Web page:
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Brooks & Dunn's Neon Circus Wraps in Jersey
Midgets lined the stage, snakes slithered underneath drum risers and uniformed Marines marched proudly to "Only in America" as the second installment of the Brooks & Dunn Neon Circus and Wild West Show came to a close in Holmdel, N. J., Sunday evening (July 28).

Heralded as much for its eclectic sideshow as for its mainstage lineup, the five-act bill drew a packed house to the PNC Bank Arts Center, about 45 miles south of New York City. Tour host Cledus T. Judd and opening acts Chris Cagle, Trick Pony, Gary Allan and Dwight Yoakam played their sets in jungle-like humidity, but that didn't dampen their enthusiasm for being part of one of country's biggest outings.

"I was most impressed with how real they are," Allan said of spending three months with Brooks & Dunn. "I don't know what I expected, but when you have that much success you so have the potential to be jerks, and they were just great guys."

On a tour bus backstage before their closing set, Brooks & Dunn told CMT News that the second leg of the "circus" has been as enjoyable for them as last year's wild outing with Toby Keith, Montgomery Gentry and Keith Urban.

"I feel about as spent on this tour as I did last year," Ronnie Dunn said. "It has a different personality, but it's been just as much fun."

And apparently it has been as profitable. The 2001 Neon Circus pulled in $14 million with a total attendance of 528,000, according to figures provided to told CMT News last year by Brooks & Dunn's management. Although 2002's official numbers aren't in yet, this year's 42 dates have outpaced last year in terms of tickets sold, says tour promoter Brian O'Connell. He says choosing the right opening acts to complement Brooks & Dunn was a big part of ensuring a successful sequel.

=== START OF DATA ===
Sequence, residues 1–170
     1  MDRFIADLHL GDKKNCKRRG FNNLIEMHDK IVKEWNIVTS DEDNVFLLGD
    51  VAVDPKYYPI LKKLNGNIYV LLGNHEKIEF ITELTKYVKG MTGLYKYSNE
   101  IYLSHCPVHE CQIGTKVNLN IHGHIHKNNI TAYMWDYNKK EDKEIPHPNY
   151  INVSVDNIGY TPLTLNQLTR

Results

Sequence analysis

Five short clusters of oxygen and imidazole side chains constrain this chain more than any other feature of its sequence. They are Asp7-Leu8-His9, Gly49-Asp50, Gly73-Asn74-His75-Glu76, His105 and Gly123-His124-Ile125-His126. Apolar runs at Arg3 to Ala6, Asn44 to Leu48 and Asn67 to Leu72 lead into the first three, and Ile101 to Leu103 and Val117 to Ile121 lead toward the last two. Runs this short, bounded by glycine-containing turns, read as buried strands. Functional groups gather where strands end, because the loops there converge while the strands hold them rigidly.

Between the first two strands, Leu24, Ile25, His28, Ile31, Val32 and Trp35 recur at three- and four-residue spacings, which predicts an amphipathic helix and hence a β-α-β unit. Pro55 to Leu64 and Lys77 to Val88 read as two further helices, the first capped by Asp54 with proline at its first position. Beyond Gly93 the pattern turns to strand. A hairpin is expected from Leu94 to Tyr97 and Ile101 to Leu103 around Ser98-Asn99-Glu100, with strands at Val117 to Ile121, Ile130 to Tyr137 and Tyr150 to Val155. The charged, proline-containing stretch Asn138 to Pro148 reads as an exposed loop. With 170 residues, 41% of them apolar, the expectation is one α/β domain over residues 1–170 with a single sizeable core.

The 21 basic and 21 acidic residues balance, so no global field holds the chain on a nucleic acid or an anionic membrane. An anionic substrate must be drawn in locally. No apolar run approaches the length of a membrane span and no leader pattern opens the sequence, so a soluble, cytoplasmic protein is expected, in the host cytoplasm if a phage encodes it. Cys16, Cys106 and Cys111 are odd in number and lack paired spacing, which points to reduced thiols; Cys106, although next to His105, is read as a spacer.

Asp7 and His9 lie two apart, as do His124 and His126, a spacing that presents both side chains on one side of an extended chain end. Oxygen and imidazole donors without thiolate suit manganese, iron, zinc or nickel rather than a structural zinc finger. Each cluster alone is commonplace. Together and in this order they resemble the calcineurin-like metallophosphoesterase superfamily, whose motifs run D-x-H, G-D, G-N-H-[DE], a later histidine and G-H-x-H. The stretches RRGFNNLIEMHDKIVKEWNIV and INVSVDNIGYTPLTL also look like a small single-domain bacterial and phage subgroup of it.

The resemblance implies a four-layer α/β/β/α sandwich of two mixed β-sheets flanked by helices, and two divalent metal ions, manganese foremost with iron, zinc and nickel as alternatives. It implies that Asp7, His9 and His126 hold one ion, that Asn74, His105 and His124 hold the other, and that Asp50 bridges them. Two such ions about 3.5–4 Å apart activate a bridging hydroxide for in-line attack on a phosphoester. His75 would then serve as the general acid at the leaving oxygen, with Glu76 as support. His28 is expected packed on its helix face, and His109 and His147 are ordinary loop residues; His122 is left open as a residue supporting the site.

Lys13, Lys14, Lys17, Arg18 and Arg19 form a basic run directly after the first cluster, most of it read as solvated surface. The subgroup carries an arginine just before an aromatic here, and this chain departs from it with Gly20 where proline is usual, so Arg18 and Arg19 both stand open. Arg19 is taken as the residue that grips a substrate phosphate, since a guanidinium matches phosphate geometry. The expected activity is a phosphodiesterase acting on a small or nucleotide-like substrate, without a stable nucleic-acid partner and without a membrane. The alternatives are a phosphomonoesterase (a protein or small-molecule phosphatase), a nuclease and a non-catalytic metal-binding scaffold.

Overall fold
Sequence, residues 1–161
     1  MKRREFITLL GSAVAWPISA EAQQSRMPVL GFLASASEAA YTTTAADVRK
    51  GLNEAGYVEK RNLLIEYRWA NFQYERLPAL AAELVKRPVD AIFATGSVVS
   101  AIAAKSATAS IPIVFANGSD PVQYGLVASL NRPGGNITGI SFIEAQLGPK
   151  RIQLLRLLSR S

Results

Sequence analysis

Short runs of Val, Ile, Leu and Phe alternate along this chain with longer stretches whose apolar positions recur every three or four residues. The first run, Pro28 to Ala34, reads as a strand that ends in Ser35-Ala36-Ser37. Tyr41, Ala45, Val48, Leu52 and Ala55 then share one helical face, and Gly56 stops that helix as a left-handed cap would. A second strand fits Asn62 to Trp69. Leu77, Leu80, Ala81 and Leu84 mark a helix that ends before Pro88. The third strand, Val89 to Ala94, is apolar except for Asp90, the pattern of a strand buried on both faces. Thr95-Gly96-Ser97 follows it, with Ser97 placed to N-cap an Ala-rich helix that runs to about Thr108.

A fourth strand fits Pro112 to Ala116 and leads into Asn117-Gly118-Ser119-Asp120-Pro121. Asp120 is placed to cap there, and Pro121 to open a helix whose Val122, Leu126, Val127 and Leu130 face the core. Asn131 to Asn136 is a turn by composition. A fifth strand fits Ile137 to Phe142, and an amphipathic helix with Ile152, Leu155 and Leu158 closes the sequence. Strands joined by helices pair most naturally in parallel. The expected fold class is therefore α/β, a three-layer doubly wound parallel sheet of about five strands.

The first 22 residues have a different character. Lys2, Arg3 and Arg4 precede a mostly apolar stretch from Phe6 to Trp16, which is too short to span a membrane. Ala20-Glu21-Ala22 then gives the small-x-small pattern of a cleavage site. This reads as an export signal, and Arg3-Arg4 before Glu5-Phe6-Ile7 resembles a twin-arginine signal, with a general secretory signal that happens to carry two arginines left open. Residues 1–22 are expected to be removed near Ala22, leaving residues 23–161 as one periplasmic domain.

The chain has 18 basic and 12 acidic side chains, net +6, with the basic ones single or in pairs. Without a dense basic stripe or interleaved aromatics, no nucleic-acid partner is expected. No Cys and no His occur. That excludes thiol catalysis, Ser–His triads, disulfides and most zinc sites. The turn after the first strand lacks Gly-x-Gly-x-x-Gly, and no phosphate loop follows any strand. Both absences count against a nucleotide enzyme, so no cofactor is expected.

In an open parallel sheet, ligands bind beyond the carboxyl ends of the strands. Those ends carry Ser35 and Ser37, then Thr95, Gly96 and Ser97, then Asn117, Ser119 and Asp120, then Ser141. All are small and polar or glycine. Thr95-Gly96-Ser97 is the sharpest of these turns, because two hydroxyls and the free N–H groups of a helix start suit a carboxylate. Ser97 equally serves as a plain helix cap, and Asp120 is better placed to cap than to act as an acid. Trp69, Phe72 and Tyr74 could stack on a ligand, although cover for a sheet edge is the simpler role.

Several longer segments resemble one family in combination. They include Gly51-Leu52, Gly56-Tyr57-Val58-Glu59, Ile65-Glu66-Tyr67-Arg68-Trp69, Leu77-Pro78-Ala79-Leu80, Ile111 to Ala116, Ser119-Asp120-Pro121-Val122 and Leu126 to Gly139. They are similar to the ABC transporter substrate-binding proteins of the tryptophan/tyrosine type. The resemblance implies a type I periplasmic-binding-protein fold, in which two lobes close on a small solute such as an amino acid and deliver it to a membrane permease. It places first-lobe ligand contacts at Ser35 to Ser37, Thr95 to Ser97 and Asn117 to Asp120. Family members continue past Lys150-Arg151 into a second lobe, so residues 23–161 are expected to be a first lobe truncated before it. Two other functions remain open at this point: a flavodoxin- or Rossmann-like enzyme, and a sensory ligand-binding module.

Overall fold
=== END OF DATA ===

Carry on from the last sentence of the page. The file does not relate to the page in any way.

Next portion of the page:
"We go through each act, who's going to be compatible, who's hot and up-and-coming, and then we throw darts," O'Connell joked. "There's no magic formula. You have to go on your gut feeling."

On the last night, Kix Brooks presented each of the supporting artists with a sterling silver cross necklace designed by his friend, Texas artist Bill Worrell. The musicians and crew members also received a tour "yearbook," which many passed around for autographs backstage.

Pranks were kept to a minimum, but let's face it -- it was a Brooks & Dunn tour, and the twosome are the reigning kings of practical jokes. Crew members sat in lawn chairs onstage reading some, uh, questionable material during Allan's performance of "Alright Guy," and midgets down front held up signs reading "we're your biggest fans" during the Brooks & Dunn set. But Trick Pony frontwoman Heidi Newfield, the only chick on the tour, may have gotten the worst end of the schtick. Allan put a Stetson hatbox onstage during the trio's set, which Newfield at first refused to open. When she finally kicked the lid off the box, two rather rambunctious garter snakes slithered out onstage, sending Newfield running offstage for cover.

"I hate snakes!" she yelled, as fellow band member Ira Dean tried to retrieve them from under the drum riser. Allan later collected them and set them free in the woods behind the venue.

Pranks, yearbooks and pickup basketball games were just a few of the details that made the Neon Circus tour seem like "being a senior in high school," according to Judd.

"You just cherish the friendships and you want to spend as much time with these people as you can, because you know at the end of July it's over with and you can never go back and do it again," Judd explained.

With the circus tents packed away, Brooks and Ronnie Dunn already are looking toward the next project, their first holiday album. "Hangin' 'Round the Mistletoe," which hits stores on Oct. 22, includes the Ronnie Dunn-Jerry Lynn Williams original, "It Won't Be Christmas Without You," and Christmas classics like "Winter Wonderland" and "Santa Claus Is Coming to Town."

"The real challenge was to take some of these standards that we're all familiar with and try to move them around and be creative with them without taking them too far," Dunn said. "Some sound like Perry Como on steroids."

The duo is also setting its sites on a third go-round for the Neon Circus in 2003.

"I think we will, assuming we can come up with a good plan and something that makes sense and something that will be new and different," Brooks said. "I don't think people are totally tired of it yet."

"It's impossible to find things that haven't been done before," added Dunn. "You just try to reinvent them if you can."
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